Notes from the Jury: Daniela Ribeiro

By Alixandra Rutnik on Apr 30, 2020

“Many images and videos during quarantine have shown us that nature has managed to regenerate.”


Judging for The One Show 2020 and the ADC 99th Annual Awards was just about to begin, with hundreds of creatives from all across the globe coming to New York and Puerto Rico for several weeks of deciding the most Pencil and Cube-worthy work of the past year.

COVID-19 had other plans.

Never ones to be deterred, we at The One Club for Creativity quickly put together a course of action that allowed for the majority of the submissions to be debated and discussed online, while a small group of New York-based creatives viewed work in person. Our goal has been to maintain the integrity of our two main awards while erring on the side of safety, and our phenomenal judges have been more than accommodating.

Each year, we like to share some of the judges' views coming out of the various jury rooms. This year, however, those rooms are more likely to be virtual.

Daniela Ribeiro, Creative Director at ArtPlan in Rio De Janeiro, Brazil shares her thoughts with us on the Radio & Audio discipline in The One Show 2020.


How is everything over in Brazil? What are you doing to stay healthy, happy, and sane during quarantine?

At Artplan we started working from home at the beginning of the pandemic. It has been 40 days– working, spending quality time with my daughter, meditating, and practicing yoga have been helping me to keep my health, sense of humor, and serenity.

What are a few themes in the radio and audio discipline that you have been seeing a lot of this year?

I’ve seen many pieces about the impact our way of living has on the environment, especially the excess of plastic consumed and discarded. Not new, but still up to date and precise, many images and videos during quarantine have shown us that nature has managed to regenerate.

Violence against women is also a very present theme. Social isolation has raised domestic violence statistics in many countries, proving that this cause is far from expiring. The key is to find new approaches and formats, to target emotion and engagement. Despite the fact that all this work was created and aired before the coronavirus, the current context made me more critical so I looked for work with purpose, coherence, and emotion– even if it's just a laugh to make things lighter for a moment.

“It has been 40 days– working, spending quality time with my daughter, meditating, and practicing yoga have been helping me to keep my health, sense of humor, and serenity.”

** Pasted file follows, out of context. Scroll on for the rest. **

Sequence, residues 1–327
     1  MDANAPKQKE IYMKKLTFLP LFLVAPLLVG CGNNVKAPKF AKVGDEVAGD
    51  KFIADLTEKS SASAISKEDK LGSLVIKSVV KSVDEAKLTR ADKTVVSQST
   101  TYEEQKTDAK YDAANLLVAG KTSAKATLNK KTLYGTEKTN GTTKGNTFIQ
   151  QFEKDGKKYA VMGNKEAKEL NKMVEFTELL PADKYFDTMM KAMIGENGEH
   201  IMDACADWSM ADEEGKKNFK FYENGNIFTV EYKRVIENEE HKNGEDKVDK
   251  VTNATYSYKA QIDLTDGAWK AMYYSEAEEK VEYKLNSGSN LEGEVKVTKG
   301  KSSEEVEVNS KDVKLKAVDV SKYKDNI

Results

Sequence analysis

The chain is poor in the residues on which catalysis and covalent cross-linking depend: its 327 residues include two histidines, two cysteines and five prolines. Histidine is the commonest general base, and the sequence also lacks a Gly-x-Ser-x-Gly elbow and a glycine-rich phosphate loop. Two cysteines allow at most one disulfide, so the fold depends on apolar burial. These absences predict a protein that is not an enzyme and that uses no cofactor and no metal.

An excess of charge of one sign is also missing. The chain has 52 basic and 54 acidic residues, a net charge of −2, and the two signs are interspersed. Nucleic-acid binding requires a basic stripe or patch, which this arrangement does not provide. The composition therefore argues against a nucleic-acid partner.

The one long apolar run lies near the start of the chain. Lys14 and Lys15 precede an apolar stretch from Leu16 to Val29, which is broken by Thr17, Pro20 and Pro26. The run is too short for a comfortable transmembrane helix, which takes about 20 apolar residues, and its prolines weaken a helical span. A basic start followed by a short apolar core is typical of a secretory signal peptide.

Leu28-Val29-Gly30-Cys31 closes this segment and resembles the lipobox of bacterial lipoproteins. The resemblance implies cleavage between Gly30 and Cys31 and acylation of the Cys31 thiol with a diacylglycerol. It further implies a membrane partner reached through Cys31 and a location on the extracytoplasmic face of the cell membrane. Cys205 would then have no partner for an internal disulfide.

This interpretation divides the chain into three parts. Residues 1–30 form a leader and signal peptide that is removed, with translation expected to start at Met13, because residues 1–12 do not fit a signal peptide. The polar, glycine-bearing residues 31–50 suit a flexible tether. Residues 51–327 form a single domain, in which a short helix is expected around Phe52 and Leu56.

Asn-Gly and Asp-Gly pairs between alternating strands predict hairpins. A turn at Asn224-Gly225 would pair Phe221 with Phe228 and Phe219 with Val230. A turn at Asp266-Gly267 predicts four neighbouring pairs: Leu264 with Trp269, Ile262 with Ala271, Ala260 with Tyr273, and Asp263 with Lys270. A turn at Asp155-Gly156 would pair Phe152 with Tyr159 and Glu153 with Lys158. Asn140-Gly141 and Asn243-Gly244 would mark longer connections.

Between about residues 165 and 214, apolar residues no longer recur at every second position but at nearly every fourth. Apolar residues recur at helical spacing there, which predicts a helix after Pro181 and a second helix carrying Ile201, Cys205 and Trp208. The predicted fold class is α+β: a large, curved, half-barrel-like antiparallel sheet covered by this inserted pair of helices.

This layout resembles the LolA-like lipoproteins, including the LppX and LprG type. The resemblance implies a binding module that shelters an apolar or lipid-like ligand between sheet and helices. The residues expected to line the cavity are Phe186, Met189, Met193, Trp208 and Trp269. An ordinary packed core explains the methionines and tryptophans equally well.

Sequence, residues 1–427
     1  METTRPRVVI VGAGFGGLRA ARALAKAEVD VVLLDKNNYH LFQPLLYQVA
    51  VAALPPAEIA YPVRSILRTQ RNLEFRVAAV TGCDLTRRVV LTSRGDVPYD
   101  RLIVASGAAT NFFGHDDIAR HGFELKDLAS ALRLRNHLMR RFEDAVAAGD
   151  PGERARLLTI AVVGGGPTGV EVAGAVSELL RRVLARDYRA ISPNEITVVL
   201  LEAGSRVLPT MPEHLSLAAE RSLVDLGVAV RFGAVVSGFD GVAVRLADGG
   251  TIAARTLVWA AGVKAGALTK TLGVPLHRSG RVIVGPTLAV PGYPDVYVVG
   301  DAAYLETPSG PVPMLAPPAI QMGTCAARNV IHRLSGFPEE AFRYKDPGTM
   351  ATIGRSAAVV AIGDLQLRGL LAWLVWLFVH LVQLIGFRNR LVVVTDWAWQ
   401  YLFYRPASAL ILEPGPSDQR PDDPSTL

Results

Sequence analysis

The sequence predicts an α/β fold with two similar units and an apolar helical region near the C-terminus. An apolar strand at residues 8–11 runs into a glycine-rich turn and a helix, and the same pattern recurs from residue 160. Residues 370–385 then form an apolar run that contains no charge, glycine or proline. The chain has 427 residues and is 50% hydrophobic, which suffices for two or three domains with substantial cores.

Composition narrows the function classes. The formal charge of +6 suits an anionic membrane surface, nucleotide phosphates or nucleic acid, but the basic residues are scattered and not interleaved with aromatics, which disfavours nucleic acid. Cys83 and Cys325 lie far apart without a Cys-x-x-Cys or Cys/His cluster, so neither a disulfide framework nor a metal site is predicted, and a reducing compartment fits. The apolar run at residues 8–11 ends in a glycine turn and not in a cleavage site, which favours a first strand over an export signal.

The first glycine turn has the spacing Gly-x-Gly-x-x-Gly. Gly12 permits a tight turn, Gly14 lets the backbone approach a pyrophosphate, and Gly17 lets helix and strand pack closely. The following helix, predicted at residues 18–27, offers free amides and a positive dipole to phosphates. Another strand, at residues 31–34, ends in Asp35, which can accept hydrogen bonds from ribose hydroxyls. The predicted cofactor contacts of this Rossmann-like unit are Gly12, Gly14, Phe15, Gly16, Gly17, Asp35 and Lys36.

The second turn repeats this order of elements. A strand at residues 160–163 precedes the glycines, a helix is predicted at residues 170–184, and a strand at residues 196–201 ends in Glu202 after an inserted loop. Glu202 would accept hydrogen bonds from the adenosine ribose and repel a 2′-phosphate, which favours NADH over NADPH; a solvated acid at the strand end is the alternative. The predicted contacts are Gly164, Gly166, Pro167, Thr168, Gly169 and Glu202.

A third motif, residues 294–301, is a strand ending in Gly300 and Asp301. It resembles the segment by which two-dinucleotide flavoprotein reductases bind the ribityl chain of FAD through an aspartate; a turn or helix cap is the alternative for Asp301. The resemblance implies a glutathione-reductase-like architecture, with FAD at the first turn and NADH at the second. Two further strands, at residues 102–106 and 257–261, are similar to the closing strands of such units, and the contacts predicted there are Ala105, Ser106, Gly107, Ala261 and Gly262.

Thinking back to all the work that you have judged so far, which piece comes to mind?

I would like to mention “Unreachables” by TBWA and “Meet Q: The First Genderless Voice” by Virtue for Copenhagen Pride. Taking advantage of a mechanism as simple as the cell phone’s standard voice message to reach almost 40 million people a day and to try to locate missing people is extremely powerful. And the use of technology to challenge gender bias and help deconstruct stereotypes through the voice of AI assistants is very powerful too. These two campaigns prove that through both technology and simplicity, we are privileged to help improve the world.

 

 

 

 

In a world of streaming content and popular podcasts, how is advertising as an audio medium changing?

I’ve heard excellent traditional radio spots, sound and music projects, and deeper content as podcasts. Sound is directly linked to one of our five senses and it will always have the power to touch us, but new ideas involving podcasts and entertainment should soon be standing out even more.

With COVID-19 related quarantines taking place all over the world, that means there’s a lot of time on people’s hands to sit down and listen to things. Do you think this is the perfect time for audio/radio advertising to rise to the occasion?

There’s not a lot of time on my hands right now… I'm working much harder, trying to help the brands I work with to correct routes and be even more relevant. But yes, in general, at home and working from home, people have more freedom to listen to what they want and get deeper into the context. At the same time that radio consumption is expected to fall becasue of fewer road trips– it is a good time for music platforms, news radio programs, and podcasts.

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